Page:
March 27 was the public presentation, albeit virtually, of the exhibition by the young, yet seasoned British artist Lewis Hammond with his first Italian institutional exhibition While We Were Sleeping at the Casa Masaccio in San Giovanni Valdarno, curated by Rita Selvaggio.
The fruit of over a year of work, research and reflection, this show is anchored firmly in dialogue with the history of painting. There is a dark apparition of the seclusion and mental instability that have marked this fluctuating period of lockdowns, re-openings, re-imaginings and social isolation that seems to shroud the psyche of the pieces comprising the exhibition, a sentiment in keeping with the oeuvre of the artist, whose work tangles with vivid interiorities and evocative externalizing. The clouds on the horizon may be just about to clear, or may just as well be approaching, as this exhibition wrestles with the legacy of the home of one of the most celebrated painters of Italian history.
We are welcomed by Drowner, taking in a mouthful of water and perhaps a last glimpse of the world above the murky rippled surface. Incapable of gasping for air or seemingly retreating to a fate as predetermined as it is skewed by perspective, what initially feels like the deformation of an aspect ratio places the viewer on the move, seeking the appropriate perspective before settling with the discomfort of an inability to step out of one’s positionality. Perhaps the drowning woman is generative of a predisposed positionality that is evident, yet stubborn to reveal itself. This painting by Lewis Hammond is indicative of an invitation posed by the exhibition While We Were Sleeping to ground ourselves in a metaphysical perspective that refuses to be defined by the same rules of geometric calculation that made famous the work of Masaccio, whose childhood home hosts the work. This sentiment saturates the space with a groggy dissonance of coming to the late realization of having missed something, or having been overtaken by something that was perhaps foreseeable. A Sankofian foresight informed and formed by the past, albeit aspirational in the way that vulnerabilities offer hope through heightened states of consciousness.
Unfolding from room to room, muted palettes, talismans, life distilled into layers of perception, veils and indeed glazes of oil paint speak to the interiorities of ritual. From trompe l’oeil to tableaux vivant, the nearly 20 paintings in the exhibition wed themselves with the intimacy of a space that is ostensibly further exposed in regards to its history as a domestic site through the works’ presence. A twisted satyr-like figure sits as the backdrop to a series of sharp objects that seem to adorn the surface of the painting, from which the title is drawn, like talismans that protect and disrupt the image itself. This grimacing figure, akin to the satyrs and nymphs at the feet of the oversized Neptune in Florence’s piazza della Signoria, is simultaneously trapped by the array of cutting tools, which vary from broken scissors to a combat knife, while also protected by them, or perhaps worshipped through them. Evocative of the tradition of ex-votos—the subject of the painting Untitled (Now Let Us Pray)—functioning as restful prayers, I am brought to a more geographically distant reference of two plantation desks by William Howard carved in the 1850s in Mississippi. The wooden surfaces of these antiques are covered with pictographs of field labor, tools that seem unaligned with the actual function of the elegantly carved desks. These pictographs position the value of the hand and trade of the maker alongside the process of being made, centering the maker rather than the intended user. Hammond’s works equally linger between the illusion offered by painting and the offering of the act of painting itself.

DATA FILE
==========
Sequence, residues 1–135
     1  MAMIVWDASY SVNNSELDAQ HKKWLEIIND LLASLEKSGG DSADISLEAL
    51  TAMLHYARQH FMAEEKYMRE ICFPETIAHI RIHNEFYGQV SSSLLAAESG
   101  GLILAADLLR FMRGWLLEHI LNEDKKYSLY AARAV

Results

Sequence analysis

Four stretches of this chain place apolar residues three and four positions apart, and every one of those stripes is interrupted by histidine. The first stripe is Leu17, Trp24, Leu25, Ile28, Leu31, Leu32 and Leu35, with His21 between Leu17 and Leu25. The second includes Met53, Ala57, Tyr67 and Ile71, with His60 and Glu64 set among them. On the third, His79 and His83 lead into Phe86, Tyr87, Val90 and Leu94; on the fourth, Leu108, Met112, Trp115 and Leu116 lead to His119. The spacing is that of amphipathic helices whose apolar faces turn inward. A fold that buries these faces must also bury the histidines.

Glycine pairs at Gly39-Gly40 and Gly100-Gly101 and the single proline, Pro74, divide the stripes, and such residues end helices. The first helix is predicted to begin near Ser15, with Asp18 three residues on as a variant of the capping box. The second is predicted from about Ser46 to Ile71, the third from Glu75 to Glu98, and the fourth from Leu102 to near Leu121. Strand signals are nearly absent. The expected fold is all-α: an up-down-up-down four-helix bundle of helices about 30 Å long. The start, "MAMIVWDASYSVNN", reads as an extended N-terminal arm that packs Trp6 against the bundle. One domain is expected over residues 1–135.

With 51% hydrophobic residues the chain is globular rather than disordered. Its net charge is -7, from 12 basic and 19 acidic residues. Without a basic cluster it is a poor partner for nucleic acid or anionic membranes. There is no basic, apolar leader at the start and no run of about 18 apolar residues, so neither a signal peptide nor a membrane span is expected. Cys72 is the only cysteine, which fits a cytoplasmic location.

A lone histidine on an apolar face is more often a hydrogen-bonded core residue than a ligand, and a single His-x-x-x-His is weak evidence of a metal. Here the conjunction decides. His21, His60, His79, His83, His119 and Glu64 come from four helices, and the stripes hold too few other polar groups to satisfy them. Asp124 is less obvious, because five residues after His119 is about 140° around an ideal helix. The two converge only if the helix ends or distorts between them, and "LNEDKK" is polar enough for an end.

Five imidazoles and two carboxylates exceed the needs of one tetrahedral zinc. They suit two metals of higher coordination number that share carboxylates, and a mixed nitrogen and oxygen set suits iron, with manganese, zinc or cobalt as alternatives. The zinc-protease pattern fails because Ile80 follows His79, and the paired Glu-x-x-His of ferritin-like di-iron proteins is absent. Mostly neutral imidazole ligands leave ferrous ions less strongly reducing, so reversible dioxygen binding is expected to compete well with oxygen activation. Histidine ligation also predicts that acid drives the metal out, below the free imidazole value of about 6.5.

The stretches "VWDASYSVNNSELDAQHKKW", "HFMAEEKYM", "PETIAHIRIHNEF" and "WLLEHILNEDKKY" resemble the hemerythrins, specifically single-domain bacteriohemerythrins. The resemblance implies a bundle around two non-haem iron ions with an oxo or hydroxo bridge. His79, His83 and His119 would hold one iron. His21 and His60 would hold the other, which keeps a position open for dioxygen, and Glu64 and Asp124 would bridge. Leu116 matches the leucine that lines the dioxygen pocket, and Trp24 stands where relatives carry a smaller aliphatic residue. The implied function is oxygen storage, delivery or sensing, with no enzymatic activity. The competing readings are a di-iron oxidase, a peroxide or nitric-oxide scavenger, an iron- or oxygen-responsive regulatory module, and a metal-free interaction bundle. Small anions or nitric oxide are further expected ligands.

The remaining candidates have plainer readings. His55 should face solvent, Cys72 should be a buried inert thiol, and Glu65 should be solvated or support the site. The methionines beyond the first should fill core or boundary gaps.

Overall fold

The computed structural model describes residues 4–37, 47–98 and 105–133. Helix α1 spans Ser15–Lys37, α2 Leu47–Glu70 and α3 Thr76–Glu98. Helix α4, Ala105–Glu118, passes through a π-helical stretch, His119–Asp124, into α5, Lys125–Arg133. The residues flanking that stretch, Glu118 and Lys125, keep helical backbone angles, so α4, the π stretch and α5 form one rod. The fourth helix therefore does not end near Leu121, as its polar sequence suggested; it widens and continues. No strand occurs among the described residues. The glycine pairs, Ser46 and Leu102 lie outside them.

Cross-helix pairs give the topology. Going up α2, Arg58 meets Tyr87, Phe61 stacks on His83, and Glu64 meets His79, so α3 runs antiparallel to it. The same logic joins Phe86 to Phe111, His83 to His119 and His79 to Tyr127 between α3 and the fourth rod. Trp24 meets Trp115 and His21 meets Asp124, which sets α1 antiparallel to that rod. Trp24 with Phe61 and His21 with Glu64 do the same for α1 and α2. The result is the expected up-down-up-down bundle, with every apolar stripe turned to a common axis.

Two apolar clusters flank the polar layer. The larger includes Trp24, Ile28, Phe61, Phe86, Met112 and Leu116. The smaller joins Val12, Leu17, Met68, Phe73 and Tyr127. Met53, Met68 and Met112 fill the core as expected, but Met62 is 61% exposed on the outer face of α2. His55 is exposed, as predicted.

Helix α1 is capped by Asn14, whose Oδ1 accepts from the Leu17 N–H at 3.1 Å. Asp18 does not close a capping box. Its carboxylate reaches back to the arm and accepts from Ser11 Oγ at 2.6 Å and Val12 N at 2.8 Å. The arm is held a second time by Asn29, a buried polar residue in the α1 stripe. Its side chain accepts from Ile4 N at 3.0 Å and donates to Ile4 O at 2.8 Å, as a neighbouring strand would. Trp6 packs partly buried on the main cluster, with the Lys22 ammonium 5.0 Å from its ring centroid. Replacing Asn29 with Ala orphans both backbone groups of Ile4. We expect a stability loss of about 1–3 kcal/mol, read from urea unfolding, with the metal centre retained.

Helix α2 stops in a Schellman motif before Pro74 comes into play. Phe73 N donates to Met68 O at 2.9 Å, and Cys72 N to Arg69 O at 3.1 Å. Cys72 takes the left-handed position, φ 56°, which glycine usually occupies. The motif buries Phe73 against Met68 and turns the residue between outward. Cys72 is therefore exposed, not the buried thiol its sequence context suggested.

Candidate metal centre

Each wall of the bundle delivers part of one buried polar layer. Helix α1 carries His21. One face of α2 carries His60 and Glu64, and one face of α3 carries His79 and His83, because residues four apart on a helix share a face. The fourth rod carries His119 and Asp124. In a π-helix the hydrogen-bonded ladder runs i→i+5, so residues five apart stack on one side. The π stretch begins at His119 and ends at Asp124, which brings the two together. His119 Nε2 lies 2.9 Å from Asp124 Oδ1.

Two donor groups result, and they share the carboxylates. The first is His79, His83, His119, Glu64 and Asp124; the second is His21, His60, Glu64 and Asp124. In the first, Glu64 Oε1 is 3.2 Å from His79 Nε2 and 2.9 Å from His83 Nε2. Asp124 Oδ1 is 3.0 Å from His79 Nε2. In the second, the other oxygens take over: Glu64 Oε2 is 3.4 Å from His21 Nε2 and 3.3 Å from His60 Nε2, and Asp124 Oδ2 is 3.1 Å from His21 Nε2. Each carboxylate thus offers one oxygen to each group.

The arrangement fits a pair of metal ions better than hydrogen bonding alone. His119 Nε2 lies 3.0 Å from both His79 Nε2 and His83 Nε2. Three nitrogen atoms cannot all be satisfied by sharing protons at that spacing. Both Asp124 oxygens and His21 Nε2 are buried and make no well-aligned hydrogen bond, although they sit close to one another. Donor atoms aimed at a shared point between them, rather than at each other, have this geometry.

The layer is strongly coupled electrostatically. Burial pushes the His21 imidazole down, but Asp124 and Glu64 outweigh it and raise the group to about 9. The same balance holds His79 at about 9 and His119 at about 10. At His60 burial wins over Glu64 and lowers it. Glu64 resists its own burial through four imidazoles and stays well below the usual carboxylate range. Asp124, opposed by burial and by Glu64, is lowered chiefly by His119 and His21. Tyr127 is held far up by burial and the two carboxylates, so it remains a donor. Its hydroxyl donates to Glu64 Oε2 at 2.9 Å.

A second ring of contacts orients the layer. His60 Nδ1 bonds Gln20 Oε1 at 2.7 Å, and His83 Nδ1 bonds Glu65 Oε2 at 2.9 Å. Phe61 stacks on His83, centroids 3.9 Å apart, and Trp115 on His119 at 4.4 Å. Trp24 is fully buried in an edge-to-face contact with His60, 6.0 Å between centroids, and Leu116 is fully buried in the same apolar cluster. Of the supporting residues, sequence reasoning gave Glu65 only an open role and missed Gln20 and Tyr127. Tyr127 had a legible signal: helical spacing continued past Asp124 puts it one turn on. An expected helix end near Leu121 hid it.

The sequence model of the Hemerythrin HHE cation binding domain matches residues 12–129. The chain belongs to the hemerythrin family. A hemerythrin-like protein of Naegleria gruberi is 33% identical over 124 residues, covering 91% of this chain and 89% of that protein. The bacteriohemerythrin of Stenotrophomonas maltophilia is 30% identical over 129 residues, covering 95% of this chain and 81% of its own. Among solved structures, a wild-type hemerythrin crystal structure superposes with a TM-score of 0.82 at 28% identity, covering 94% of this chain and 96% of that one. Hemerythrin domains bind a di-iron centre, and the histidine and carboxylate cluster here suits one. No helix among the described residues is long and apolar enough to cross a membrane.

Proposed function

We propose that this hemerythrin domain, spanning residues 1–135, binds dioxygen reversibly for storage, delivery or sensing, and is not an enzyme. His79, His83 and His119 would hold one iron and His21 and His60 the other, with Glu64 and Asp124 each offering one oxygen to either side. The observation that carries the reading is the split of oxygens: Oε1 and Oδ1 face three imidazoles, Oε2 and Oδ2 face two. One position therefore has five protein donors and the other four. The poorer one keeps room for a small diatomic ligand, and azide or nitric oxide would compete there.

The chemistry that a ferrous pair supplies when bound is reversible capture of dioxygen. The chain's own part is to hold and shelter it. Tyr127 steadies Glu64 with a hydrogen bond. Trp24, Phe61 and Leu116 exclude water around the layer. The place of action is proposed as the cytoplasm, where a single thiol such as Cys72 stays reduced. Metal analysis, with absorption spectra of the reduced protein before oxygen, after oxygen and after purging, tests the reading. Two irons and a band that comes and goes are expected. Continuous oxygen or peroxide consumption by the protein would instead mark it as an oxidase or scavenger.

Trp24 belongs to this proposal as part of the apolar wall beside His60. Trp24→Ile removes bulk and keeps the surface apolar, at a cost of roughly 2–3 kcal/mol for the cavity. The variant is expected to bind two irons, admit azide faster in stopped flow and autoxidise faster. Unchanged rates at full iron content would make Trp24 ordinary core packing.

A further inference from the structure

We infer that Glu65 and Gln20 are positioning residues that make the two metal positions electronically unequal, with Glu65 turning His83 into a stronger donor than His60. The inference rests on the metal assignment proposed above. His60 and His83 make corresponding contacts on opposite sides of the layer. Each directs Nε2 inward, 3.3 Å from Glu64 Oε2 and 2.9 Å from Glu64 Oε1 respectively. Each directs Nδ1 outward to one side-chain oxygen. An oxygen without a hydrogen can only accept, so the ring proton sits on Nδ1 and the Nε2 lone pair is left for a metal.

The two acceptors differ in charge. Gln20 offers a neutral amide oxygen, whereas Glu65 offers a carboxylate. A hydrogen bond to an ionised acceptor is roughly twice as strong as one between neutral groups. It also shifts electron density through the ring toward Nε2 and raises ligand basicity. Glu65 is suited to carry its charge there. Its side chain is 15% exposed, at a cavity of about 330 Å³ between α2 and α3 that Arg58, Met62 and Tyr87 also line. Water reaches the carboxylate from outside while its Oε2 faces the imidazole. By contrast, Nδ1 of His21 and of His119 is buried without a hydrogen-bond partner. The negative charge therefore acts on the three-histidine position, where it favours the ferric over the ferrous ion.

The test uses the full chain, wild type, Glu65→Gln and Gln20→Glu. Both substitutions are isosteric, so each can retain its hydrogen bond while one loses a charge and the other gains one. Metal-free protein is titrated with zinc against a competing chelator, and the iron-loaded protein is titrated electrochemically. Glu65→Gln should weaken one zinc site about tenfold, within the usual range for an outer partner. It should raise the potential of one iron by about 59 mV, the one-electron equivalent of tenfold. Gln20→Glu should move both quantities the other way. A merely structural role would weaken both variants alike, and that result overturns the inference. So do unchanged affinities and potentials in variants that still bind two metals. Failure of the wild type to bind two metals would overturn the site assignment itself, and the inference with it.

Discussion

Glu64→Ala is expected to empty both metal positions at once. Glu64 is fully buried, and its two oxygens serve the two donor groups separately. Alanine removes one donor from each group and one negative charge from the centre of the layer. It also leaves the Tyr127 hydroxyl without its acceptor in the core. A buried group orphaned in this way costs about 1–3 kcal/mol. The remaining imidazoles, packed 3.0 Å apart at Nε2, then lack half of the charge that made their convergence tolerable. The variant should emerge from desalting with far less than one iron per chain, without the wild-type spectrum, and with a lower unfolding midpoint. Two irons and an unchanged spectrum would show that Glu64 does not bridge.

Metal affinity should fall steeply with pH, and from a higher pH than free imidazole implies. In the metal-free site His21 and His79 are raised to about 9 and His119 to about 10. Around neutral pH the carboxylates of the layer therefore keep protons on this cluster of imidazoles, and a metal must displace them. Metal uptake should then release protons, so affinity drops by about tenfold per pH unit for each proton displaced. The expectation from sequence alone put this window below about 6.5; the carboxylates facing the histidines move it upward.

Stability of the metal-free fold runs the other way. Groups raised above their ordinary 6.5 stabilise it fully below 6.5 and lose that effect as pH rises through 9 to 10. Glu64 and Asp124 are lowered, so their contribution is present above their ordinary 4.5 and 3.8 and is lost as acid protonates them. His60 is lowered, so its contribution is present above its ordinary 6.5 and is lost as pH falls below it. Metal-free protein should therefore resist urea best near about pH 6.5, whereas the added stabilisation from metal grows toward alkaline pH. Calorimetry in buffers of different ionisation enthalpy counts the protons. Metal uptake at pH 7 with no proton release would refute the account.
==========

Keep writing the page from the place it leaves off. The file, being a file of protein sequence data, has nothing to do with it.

Figures who seem as aware as they are unperturbed by the viewer’s presence lure into the velvety tones of dimly lit spaces punctuated with natural elements in the form of stars, which undertake interpersonal constellations, hurricane clouds of annunciation, plant offerings and a beached mammal in a domestic interior. The intensity and resolve of contortions, double exposures and solitude are the keepers of what reads as undisclosed intimacy, positioning ourselves and with us the inhabitants of these worlds before or after the storm. Paolo Uccello’s flood scene in the cloister of Santa Maria Novella comes to mind, with its grey-washed figures trapped between fortified walls of earthen reds and the violent solace of water, as the narrations encrypted in these works remain similarly at arm’s length, implicit yet unpronounceable, or perhaps purposefully untenable in their illusions so as not to permit deciphering.
While We Were Sleeping. 2021. Oil on canvas. 160×120 cm. Courtesy of the artist and Arcadia Missa
In his opening remarks about the exhibition, Hammond spoke of “an abundance of hope and desire for transformation,” which underwrites works whose unsettling queries about the psycho-spiritual dimension are as ancient as the human desire for art to be capable of invocation and intimation. This aspiration for hopefulness is counterbalanced by a fatigue of audience-less performativity and the elusive specter of legibility. This fatigue is intensified by unanswered invitations for accountability and a critical need for a reconsideration of what we can learn from the scent, surface and the visceral function of painting in a period plagued with screens, which exasperate social exchange and expand access, which remains impossible.
While We Were Sleeping is on view until June 5 at the Casa Masaccio in San Giovanni Valdarno. The show is curated by Rita Selvaggio, with the co-promotion of BHMF. www.casamasaccio.it/lewis-hammond-while-we-were-sleeping